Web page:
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A month ago I wrote about a pilgrimage I was going on. Yes, it was part vacation that included the desert of Vegas with my fair share of neon shimmer. Yet that was not all this vacation entailed. My spouse and I traveled outside the disneyland of the desert and into the Colorado Plateau where the landscape takes on the names of burnt sienna, red rock, rust orange, and the other subtle shades of the earth. We hiked through the Grand Canyon and my new favorite place, Zion National Park. In between the vintage neon signs of Vegas and the red rock residue on my hiking boots, we traveled to Farmington, New Mexico where I was born.
On All Saints Sunday I asked my congregation in my sermon, “Who are the saints that have gone before you that you would like to sit down and have a cup of coffee and ask them questions about faith?” I told my congregation that from Scripture I would love to take Mary Magdalene out to coffee, the first minister of the resurrection of Jesus. I would love to ask her questions about what it was like when she preached to the other disciples about the empty tomb. I went on in my sermon, revealing another layer of vulnerability, to say that I wish I could take my birth parents out for coffee and ask them all sorts of questions. They died when I was nine months old. I have inherited a manila envelope filled with pictures of who they are and stories from my family (I was adopted by my maternal grandparents). I have had an incredible life with so much love from my family, but nothing will quench the fact that the people who created me and brought me into this world are people I do not have recollection of.
It was the first time I was back in Farmington in 30 years. I don’t remember living there and yet I knew I had to go back. This was the land I was born on. My birth parents were teachers on the Navajo reservation in Shiprock. The memories of who they are do not live in the community anymore. I did not know anyone when I returned and I didn’t know exactly what I was looking for. My adopted parents gave me the address of the apartment I lived at when I was a newborn. After checking into the hotel my spouse and I drove to the apartment. It feels silly to confess what I am about to write. It also feels quite vulnerable. So be gracious with my tender heart when you read this. I think what I wanted to happen is that when I went to the apartment my birth parents would be standing at the door with arms wide open saying, “Jes! We’ve heard so much about you. Come in, you are home.” But, dear reader, of course that didn’t happen. They have been in Glory for 29 of my 30 years.
One of the clues to my birthparents faith I have inherited are checks made out to their church. I am guessing it was part of their Sunday tithe. I do not know how much this church took up space in their life. Were they church geeks like their daughter? Probably not; that title is usally reserved for us ordained minister types. But perhaps they were like the average person that comes to the churches we serve, wondering about the meaning of life and what the hope of the resurrection had to do with their life.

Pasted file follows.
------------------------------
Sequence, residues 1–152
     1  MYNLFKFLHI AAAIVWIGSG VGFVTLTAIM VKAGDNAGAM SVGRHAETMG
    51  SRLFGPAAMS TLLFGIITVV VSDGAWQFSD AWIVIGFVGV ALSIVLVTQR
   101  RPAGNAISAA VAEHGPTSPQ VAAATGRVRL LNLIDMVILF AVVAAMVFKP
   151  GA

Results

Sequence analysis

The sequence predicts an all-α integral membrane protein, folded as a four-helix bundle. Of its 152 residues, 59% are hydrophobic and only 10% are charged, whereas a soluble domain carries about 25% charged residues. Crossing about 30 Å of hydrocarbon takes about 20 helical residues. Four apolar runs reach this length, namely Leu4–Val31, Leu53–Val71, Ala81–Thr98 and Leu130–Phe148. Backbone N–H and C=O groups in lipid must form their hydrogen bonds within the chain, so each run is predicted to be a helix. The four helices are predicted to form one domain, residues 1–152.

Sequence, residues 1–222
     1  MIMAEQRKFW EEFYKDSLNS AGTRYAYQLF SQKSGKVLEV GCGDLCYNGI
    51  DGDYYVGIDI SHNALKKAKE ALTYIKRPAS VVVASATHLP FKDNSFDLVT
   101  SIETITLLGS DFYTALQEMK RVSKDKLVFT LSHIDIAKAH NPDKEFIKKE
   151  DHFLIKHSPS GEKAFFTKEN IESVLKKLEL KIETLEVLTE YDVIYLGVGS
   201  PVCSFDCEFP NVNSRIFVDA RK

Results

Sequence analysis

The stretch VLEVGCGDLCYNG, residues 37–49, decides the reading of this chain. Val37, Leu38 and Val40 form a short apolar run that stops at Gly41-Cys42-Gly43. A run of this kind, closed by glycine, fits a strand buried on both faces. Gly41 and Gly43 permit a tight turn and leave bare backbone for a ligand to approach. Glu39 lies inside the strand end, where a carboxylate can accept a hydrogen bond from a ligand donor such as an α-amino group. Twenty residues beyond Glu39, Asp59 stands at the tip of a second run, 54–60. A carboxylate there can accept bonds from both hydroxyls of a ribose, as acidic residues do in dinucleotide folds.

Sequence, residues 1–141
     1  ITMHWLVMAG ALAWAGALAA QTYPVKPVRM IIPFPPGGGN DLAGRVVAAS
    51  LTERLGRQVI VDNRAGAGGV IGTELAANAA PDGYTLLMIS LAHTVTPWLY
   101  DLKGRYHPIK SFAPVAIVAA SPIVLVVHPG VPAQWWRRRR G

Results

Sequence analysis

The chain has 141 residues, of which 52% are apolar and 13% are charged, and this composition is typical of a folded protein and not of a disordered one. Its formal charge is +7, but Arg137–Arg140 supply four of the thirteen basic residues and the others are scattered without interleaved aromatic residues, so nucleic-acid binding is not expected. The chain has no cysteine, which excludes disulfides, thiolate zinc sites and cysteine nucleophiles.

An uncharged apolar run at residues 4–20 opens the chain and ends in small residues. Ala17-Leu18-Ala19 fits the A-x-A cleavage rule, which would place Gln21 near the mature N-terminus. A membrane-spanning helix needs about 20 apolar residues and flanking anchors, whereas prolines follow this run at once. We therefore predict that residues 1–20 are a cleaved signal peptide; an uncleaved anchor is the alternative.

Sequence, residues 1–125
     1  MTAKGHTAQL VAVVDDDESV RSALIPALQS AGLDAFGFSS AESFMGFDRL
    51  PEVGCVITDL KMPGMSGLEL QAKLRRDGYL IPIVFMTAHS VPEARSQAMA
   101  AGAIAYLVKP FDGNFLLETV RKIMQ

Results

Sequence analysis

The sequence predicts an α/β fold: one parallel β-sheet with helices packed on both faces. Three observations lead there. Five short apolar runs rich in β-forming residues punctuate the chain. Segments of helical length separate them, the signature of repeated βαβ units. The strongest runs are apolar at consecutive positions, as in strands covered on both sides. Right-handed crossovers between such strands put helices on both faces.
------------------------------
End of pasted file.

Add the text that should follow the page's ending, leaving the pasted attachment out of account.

We decided to go to the parish my birth parents worshipped at. It was a Saturday morning and my spouse made a comment, “Too bad it’s Saturday morning. There probably isn’t anyone here. I wish we could go in.” A closed door usually doesn’t stop me. I said, “Let’s go try all the doors.” We found one that was open. We walked inside. I dipped my hand in the holy water, crossed myself, and made my way to a pew. I sat down and imagined what it was like for my birth parents to worship there. What were they thinking? What were they feeling? I didn’t stay in the pew long. I quietly went up to the front of the parish, stood behind the pulpit and assumed the role of pastor. This was quite the powerful experience. My birth parents questions that I had imagined when I was sitting in the pew just moments before took on new weight in this new role of pastor of this imaginary congregation. What would I preach to a town that was economically struggling? What does the hope of Jesus look like, I mean, really look like, in the day to day lives of the people of Farmington? Would there have been something I could have said that reminded my birth parents how dearly loved of God they were, did they ever doubt how much God loved them? I began ministering to my birth parents in this imaginary world I was conjuring up.
Between the pew and pulpit I felt a strange and holy communion between my birth parents and me. We were present to each other. In a mystical way, we were able to communicate. This is the closest thing I will get to sitting down and having a cup of coffee with them this side of Glory.
Today is Ash Wednesday. This morning and this evening I will dip my fingers in ashes and make the sign of the cross on the foreheads of the people in my congregation. I will remind them of how dearly beloved of God they are and I will remind them that from dust they came and to dust they will return. Just like I have been adopted by my maternal grandparents, I feel I have been adopted with great love, by the Reformed tradition. When I was at my birth parents church in New Mexico the words of Heidelberg Q & A 1 kept popping in my head. What a comfort for me and what a comfort to know that of my birth parents, too. As I place ashes on the foreheads of the congregation today, the words of Heidelberg Q & A 1 will not be far from me:
“What is your only comfort in life and in death? That I am not my own, but belong — body and soul, in life and in death– to my faithful Savior, Jesus Christ.”
I look forward to that day to be reunited with my birth parents and to sit down in heaven’s coffee shop and behold the mystery of belonging in God’s love together.